Steve Maxwell 2017-09-20 05:42:43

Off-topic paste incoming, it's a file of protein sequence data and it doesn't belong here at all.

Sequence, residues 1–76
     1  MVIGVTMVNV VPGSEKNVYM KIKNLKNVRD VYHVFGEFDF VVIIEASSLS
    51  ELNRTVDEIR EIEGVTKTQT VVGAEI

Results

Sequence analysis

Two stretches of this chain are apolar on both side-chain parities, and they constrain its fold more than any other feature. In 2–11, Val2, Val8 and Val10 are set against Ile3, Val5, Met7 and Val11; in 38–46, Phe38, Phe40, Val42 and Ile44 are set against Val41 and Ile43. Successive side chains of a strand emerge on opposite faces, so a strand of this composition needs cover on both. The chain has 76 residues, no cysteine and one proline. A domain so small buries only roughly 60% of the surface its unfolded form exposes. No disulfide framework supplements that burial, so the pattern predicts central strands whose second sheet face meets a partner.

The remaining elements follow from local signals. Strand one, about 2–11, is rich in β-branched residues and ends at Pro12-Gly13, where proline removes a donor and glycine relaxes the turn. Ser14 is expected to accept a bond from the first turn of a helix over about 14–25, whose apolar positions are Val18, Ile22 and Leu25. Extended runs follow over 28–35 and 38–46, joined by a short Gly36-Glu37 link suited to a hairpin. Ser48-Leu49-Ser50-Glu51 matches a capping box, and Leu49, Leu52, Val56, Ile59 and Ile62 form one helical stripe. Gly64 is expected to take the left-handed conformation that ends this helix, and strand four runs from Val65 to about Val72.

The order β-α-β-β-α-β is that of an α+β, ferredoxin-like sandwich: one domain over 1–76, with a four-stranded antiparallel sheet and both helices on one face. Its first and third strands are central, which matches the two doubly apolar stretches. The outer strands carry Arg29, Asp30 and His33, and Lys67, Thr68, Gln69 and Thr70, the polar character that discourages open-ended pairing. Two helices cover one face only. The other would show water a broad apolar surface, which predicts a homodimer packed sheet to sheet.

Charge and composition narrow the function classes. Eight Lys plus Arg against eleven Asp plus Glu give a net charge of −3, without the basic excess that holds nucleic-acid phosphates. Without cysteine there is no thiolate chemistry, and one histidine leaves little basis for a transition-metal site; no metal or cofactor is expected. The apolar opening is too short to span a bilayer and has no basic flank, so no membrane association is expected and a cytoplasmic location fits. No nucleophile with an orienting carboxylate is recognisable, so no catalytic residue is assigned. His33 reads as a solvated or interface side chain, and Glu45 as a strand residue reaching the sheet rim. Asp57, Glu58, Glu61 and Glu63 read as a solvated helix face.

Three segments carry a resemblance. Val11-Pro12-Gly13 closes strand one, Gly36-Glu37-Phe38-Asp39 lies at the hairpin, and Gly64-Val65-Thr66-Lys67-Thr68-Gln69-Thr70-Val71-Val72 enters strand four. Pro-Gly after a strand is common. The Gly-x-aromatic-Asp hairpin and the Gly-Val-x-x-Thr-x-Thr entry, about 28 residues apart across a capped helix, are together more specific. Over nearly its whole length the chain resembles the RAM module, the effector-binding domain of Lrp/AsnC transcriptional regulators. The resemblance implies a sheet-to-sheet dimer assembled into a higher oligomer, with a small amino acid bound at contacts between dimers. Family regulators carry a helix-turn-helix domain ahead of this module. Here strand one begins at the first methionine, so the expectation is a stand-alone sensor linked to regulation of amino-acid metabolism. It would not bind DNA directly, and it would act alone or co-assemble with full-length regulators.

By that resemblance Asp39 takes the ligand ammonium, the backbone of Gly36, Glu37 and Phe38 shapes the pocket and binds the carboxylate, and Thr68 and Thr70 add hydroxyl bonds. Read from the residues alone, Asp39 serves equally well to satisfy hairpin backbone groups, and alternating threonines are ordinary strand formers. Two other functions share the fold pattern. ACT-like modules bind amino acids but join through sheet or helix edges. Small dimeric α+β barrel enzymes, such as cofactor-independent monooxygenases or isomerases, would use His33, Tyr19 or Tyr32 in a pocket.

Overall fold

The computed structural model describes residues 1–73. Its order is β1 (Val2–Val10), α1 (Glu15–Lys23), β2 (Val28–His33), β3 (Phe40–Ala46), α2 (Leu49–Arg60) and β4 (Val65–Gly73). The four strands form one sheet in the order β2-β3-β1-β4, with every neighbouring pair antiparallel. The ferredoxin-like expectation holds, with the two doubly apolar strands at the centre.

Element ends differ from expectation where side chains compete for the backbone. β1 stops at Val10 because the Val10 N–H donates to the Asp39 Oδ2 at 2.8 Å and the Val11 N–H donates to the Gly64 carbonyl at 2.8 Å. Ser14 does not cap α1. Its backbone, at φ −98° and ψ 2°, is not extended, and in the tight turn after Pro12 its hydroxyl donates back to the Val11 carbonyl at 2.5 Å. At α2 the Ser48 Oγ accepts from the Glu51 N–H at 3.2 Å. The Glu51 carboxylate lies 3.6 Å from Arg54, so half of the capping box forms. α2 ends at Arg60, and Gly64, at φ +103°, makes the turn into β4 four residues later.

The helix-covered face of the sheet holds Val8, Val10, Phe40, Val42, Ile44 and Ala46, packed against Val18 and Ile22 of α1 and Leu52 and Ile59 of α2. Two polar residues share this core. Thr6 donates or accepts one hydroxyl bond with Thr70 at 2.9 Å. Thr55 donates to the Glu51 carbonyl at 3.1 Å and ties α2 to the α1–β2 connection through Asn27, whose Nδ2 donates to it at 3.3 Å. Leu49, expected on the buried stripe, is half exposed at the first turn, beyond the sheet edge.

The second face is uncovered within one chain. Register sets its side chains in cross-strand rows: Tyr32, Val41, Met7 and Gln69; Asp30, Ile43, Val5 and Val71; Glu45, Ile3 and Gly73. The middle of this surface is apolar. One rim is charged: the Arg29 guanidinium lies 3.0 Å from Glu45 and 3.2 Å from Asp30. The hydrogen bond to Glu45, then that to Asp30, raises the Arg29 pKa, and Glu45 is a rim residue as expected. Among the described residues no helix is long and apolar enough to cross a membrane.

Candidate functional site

Hand-Eye Craftsmanship Different cultures express craftsmanship differently, and it can be surprising how good some trade workers get with tasks we never see here in Canada. The trowel skills of black South African masons is a case in point. My wife and I traveled to South Africa back in 2008 to pick up our adopted daughter Ellie. We travelled to the city of Durban, and it wasn’t long before I was wandering around home building sites with my camera. This led me to a contractor named Dave Scates. He’d been building in the same Durban neighbourhood for a quarter century. No job was ever more than 5 miles from his home. Ten minutes after shaking hands, Dave was driving me around in his truck, proudly showing me a handful of residential projects he had on the go. There are no tract homes in Durban. Each house is unique and built using traditional masonry techniques that came originally from Britain. All walls – both exterior and interior – are built with clay brick, several courses thick and plastered to create a smooth surface inside and out. Until the mid-1990s, it was illegal for any black man to use a trowel professionally. Building work was reserved for whites, some of whom traveled down from Europe for work. All that changed when laws demanding racial segregation under apartheid were dismantled. This opened the floodgates of labour onto the construction market, causing wages to drop by at least 90%. They’ve been down there ever since. These days you never see a white person involved in construction. The entire home building workforce is black. Contractors like Dave Scates are white, and so are electricians, plumbers and specialized trades. That said, the black workforce brings something surprising to their work. For cultural and historical reasons no one understands fully, black trade workers in South Africa are exceptionally good at using trowels. Perhaps it’s a throw-back to the days when all traditional African homes were made of mud and straw. I don’t know, but the precise, handguided results speaks for itself. It’s beautiful and detailed in a way that goes way beyond what you can accomplish with forms or precast components. The hand-troweled cap of the food court separation wall you see here is what I mean. It was even more impressive in real life than it is in this picture. Results like this are done entirely with handguided work. No forms, no guides. We tend to get narrow minded after a while when we think of manual skills. I don’t know about you, but I love the idea that somewhere out there are people who can do amazing things with trowels, even though it’ll never matter much in Canada. Do you know what I mean? Steve@stevemaxwell.ca OUTDOOR WOOD WISDOM How to choose and apply finishes you won’t regret You don’t have to be a contractor for very long before harsh experience teaches you what’s important. As essential as it is to work productively, to bid profitably and to manage subs wisely, the ability to avoid bad products and materials is also a make-or-break skill. If you put your trust in something and it fails on one of your projects, it can cost thousands of dollars of profits and many hours of time as you make things right. Few manufacturer warranties ever come close to making up for disasters like this, either. Nowhere is this danger more present than with outdoor wood finishes. Choosing and applying products is often like leaping into the dark, and that’s why I decided to shine some light on the subject beginning back in 1990. This is the year I started testing specific outdoor wood finishes in the real world and keeping records. I prepared sample boards, coated them in outdoor products I believed might last well, then put the samples outside for full exposure to the sun, rain and snow over a period of years. This approach takes patience, but the results are gold. Eventually you get a sense of what works and what doesn’t. I don’t claim to know all the outdoor wood finishing products that perform well today, but I do know specific formulations that are worth trusting. Some of these are clear, others tinted and some opaque. I’m also always adding new products to the program, too. Sometimes I might have half a dozen test boards in the sun, sometimes only one. Why go to all this trouble? More than most building details, outdoor wood finishes have a huge blow-up potential. There are a couple of reasons why. First, they’re usually applied over a large area. It’s more than enough work staining that deck or all that wood siding in the first place, but when results go bad, it’s 3x more work stripping and getting back to square one to start again. Wrestling with this kind of large scale freebie work when you should be doing something that brings in the bacon is a recipe for a bad day. The second reason to be careful with outdoor wood finishes is trust. Every product looks great on store shelves, and labels always inspire so much confidence. But the truth is, many outdoor wood finishes fail quickly even if you apply them perfectly. It’s a shame to ruin new wood like this. And as I’ve discovered, name brands are no guarantee. Some of the worst products I’ve seen have the biggest names and retailers behind them. There are great products out there but there are also imposters. Some kind of testing was the only way I could begin separating sheep from goats. Three Key Lessons on Outdoor Finishes In a nutshell, this is what I’ve discovered: All else being equal, the more opaque the finishing product the longer potential service life it has. A short coating life isn’t necessarily bad if it’s coupled with an easy recoating regime. For instance, it’s not unusual for outdoor oils to require a fresh coat each year. But since oils don’t peel, it doesn’t take long to prep for that recoat. Client education is key because even when done correctly, many outdoor wood finishes demand more ongoing maintenance than some people feel is reasonable. Certain clients are fine with the low maintenance weathered look of a one-time wood treatment. Other clients get irritated as soon as their furniture-grade outdoor finish gets its first scratch. Recommend accordingly. Of all the outdoor wood finishing tasks, finishing a deck is the most common situation you’ll face. It also involves the highest risk because decks are so large and get so much foot traffic. Since I get lots of questions about which deck finish to use and how to fix existing deck finishes gone bad, I keep a web page updated with all the latest information from my testing. You’ll find everything I’ve learned since 1990 at baileylineroad.com/how-to-stain-deckproperly. Limiting the risk of costly call-backs is an important part of turning a reliable profit. Learning to avoid outdoor wood disasters may be one of the most important skills you develop. NEWEST PRODUCT TESTING Superdeck makes an opaque elastomeric coating that has done well so far in test samples I set outdoors in 2014, so when I heard about this company’s Cool Feel technology I added it to my testing program. Their Deck & Dock Solid Coating is a super thick, opaque product, but it’s also formulated to get less hot in the sun than other products of similar colour. You can feel the difference with your hand, but my main interest is reliability and finish life. All else being equal, a wood surface with smaller swings in temperature from day to night should last longer because there’s less expansion and contraction to stress the finish. Time will tell, but Deck & Dock Solid Coating is the kind of modern outdoor finish we’re seeing more and more often these days. It’s very thick, completely water washable and there’s almost no odour. SO WHAT DOES PROPER PREP MEAN? We’ve all heard it before: “Preparation is the key to a long lasting outdoor finish.” But what does this mean? It all comes down to maximizing the ability of wood to hold onto a finish. New wood often fails to allow finishing products to soak in because of surface burnishing from the planing mill and pressure treatment chemicals. Old grey wood allows absorption, but surface fibers are weak and they can let go from the underlying board, letting the finishing treatment peel, too. The best approach I’ve found is to pressure wash outdoor wood as an initial step, then let the wood dry completely before sanding with an 80-grit disk in a 6” random orbit sander. Pressure washing removes all dirt and sawdust and begins to break down surface burnishing. A quick sanding knocks off any loose fibers and opens wood pores so a finish can get a good grip. I know of no other surface prep regime that’s as fast and effective as pressure washing followed by a quick 80-grit sanding. WOOD-FREE CLIENTS If you’ve got an especially picky client who thinks they like wood, consider gently steering them towards composites or plastic wood substitutes for deck surfaces. Though these never look quite as good as a fresh, top notch wood finish, synthetics keep on looking good with nothing other than regular cleaning. They offer much lower risk for you.